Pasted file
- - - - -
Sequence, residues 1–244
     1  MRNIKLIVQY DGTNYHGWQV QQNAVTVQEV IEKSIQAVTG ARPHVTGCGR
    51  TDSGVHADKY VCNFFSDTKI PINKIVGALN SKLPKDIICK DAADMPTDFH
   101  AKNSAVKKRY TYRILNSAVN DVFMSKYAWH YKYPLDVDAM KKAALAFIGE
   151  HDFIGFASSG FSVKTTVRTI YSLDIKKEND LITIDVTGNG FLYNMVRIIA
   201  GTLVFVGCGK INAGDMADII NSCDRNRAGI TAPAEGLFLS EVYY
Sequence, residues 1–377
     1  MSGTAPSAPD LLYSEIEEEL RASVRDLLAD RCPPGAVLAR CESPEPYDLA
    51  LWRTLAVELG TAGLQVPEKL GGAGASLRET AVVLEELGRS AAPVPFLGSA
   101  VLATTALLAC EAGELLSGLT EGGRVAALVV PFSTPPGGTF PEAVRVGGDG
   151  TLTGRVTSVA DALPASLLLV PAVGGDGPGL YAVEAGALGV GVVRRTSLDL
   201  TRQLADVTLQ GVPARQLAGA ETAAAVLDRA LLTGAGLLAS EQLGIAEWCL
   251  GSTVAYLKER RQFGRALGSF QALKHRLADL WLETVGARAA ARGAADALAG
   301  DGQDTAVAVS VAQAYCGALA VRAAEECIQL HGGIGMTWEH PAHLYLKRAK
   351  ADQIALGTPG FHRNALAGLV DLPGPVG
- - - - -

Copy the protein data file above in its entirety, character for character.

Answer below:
Sequence, residues 1–244
     1  MRNIKLIVQY DGTNYHGWQV QQNAVTVQEV IEKSIQAVTG ARPHVTGCGR
    51  TDSGVHADKY VCNFFSDTKI PINKIVGALN SKLPKDIICK DAADMPTDFH
   101  AKNSAVKKRY TYRILNSAVN DVFMSKYAWH YKYPLDVDAM KKAALAFIGE
   151  HDFIGFASSG FSVKTTVRTI YSLDIKKEND LITIDVTGNG FLYNMVRIIA
   201  GTLVFVGCGK INAGDMADII NSCDRNRAGI TAPAEGLFLS EVYY
Sequence, residues 1–377
     1  MSGTAPSAPD LLYSEIEEEL RASVRDLLAD RCPPGAVLAR CESPEPYDLA
    51  LWRTLAVELG TAGLQVPEKL GGAGASLRET AVVLEELGRS AAPVPFLGSA
   101  VLATTALLAC EAGELLSGLT EGGRVAALVV PFSTPPGGTF PEAVRVGGDG
   151  TLTGRVTSVA DALPASLLLV PAVGGDGPGL YAVEAGALGV GVVRRTSLDL
   201  TRQLADVTLQ GVPARQLAGA ETAAAVLDRA LLTGAGLLAS EQLGIAEWCL
   251  GSTVAYLKER RQFGRALGSF QALKHRLADL WLETVGARAA ARGAADALAG
   301  DGQDTAVAVS VAQAYCGALA VRAAEECIQL HGGIGMTWEH PAHLYLKRAK
   351  ADQIALGTPG FHRNALAGLV DLPGPVG